Have you ever been uncomfortable with something ending?
There are two conflicting pulls within me almost every time I experience something ending in my life. When I was graduating high school, I felt this overwhelming joy that this stage of life was over and I was happy to begin the next adventure. However, there was this sadness that seemed to darken my mood surrounding the friends I had made and the thought that I might never see some of them again, or if I did see them, the dynamics of our relationship would be different.
When my two year LDS mission ended, I felt a bitter longing to extend my time just a little longer, but on the other hand was happy to be done with two of the most difficult years of my life thus far.
In conversation with others, I realize that these feelings are not special to me. We all seem to feel an uncomfortable tension surrounding the end of things.
Our lives are full of endings; relationships, where we live, where we work, our environment, school, and stages of life to name a few.
One could pose the perspective that sometimes we as mortal beings feel uncomfortable with endings because our inherent spirit is an eternal being and therefore longs for the long lasting. Although I do agree with this idea, I do not want to focus on it while living in this mortal life. I believe a spiritual perspective to be important at times, but I also believe in the need for a temporal perspective due to the temporary experience we are currently living in.
This particular temporal perspective being that it is healthy to accept those things which end. There are beginnings and ends lining all aspects of what makes up a mortal life.
Might I suggest that this internal struggle within ourselves every time something ends is a manifestation of our inability to accept that whatever it is, has truly ended.
A relationship, a long lasting job or time in a certain environment, can all be examples of endings we experience. An emotional response to each is healthy and necessary. However, what is unhealthy and detrimental to a person’s well being are the pseudo thoughts that that stage of one’s life did not in reality end.
There is power to a goodbye, power that can enable one to truly move on and accept what has happened in the past as something that happened and might not happen again.
Have you ever said goodbye to a friend and then realized you were both walking the same way home? There is a sort of awkwardness attached to the realization because the goodbye was already said.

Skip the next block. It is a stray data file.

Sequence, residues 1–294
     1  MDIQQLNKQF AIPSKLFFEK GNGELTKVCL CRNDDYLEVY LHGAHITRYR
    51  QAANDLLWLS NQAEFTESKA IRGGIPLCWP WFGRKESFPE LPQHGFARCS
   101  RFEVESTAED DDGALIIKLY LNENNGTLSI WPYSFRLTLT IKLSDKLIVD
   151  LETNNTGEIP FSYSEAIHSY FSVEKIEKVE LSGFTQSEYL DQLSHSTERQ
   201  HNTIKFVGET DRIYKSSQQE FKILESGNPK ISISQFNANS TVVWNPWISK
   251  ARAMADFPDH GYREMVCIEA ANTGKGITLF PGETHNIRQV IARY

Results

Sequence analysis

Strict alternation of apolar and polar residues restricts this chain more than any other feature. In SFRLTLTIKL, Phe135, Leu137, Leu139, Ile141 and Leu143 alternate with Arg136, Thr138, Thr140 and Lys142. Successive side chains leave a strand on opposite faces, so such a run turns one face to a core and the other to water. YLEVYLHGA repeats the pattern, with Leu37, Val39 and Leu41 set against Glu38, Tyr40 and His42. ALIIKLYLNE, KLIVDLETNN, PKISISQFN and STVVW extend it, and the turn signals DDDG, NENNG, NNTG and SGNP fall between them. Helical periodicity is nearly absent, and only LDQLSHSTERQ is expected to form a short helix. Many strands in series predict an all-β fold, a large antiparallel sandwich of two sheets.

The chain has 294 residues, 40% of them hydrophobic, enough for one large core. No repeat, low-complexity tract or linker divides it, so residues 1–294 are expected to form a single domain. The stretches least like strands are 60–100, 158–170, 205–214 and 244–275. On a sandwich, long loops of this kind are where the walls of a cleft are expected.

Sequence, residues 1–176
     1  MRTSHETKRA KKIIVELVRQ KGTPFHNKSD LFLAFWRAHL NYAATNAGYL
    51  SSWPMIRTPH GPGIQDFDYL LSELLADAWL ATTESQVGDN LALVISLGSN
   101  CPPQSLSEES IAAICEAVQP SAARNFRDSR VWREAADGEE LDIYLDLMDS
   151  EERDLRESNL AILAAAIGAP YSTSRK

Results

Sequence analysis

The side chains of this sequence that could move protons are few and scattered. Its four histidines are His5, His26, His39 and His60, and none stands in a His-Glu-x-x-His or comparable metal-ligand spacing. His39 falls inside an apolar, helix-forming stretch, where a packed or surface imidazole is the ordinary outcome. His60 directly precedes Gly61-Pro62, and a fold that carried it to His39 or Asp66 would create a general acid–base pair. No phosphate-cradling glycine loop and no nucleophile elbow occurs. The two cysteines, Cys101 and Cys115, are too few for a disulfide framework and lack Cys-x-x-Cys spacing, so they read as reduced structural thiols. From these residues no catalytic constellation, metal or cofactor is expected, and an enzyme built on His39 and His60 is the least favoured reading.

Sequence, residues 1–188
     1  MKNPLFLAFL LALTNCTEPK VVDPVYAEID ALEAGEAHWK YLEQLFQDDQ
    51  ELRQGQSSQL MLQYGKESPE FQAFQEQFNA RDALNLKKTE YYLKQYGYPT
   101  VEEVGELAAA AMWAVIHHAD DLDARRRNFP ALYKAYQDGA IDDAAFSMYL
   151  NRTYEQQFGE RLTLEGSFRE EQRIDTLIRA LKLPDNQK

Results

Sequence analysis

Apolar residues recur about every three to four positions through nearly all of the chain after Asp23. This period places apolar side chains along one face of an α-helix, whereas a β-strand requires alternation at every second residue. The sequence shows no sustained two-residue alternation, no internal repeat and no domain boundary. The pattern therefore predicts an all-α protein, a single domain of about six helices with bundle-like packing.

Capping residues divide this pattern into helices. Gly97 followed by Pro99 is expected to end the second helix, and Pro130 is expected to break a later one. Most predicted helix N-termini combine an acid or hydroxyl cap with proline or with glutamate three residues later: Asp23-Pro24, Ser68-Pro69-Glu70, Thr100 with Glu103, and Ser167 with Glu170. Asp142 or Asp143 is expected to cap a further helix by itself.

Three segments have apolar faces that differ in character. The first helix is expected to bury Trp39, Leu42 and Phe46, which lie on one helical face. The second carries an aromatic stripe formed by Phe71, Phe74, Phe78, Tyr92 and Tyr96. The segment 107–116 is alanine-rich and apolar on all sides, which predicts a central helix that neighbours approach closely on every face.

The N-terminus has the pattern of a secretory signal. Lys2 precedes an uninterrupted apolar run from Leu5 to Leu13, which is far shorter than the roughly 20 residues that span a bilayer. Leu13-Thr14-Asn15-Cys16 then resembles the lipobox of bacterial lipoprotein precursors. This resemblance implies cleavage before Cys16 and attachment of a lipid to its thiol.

The power regarding a goodbye comes from the acceptance that things are over or ending. Maybe you will see them again, or maybe you will visit that home that you are moving away from. However, things will be slightly different. This is the outcome of saying goodbye, and meaning it. This is what adds to the magic of nostalgia and memories.
There are many different definitions of harmony, one of which is my favorite and that is that harmony is the coming together of many different elements for a temporary time. Harmony is a beautiful thing and the fact that it is temporary does not make it less so.
The certain part of the orchestra that really tugs at your heartstrings and sends shivers down your spine is not because it is a note that lasts forever, it is because you are enjoying the temporary personification of harmony.
In a spiritual sense, there will be a time when some things deemed temporary will turn permanent and there are some things that if treated correctly can remain permanent. However, there is fulfilling satisfaction that accompanies the true acceptance of something that has ended.
We live in a temporal world, and just as the word temporal connotes, most everything we experience will be temporary. If we fall into a trap of holding onto things or people because of our discomfort with endings, we will be weighed down by unnecessary baggage, we will not feel the power of a true goodbye and we will not move forward to bigger and better things.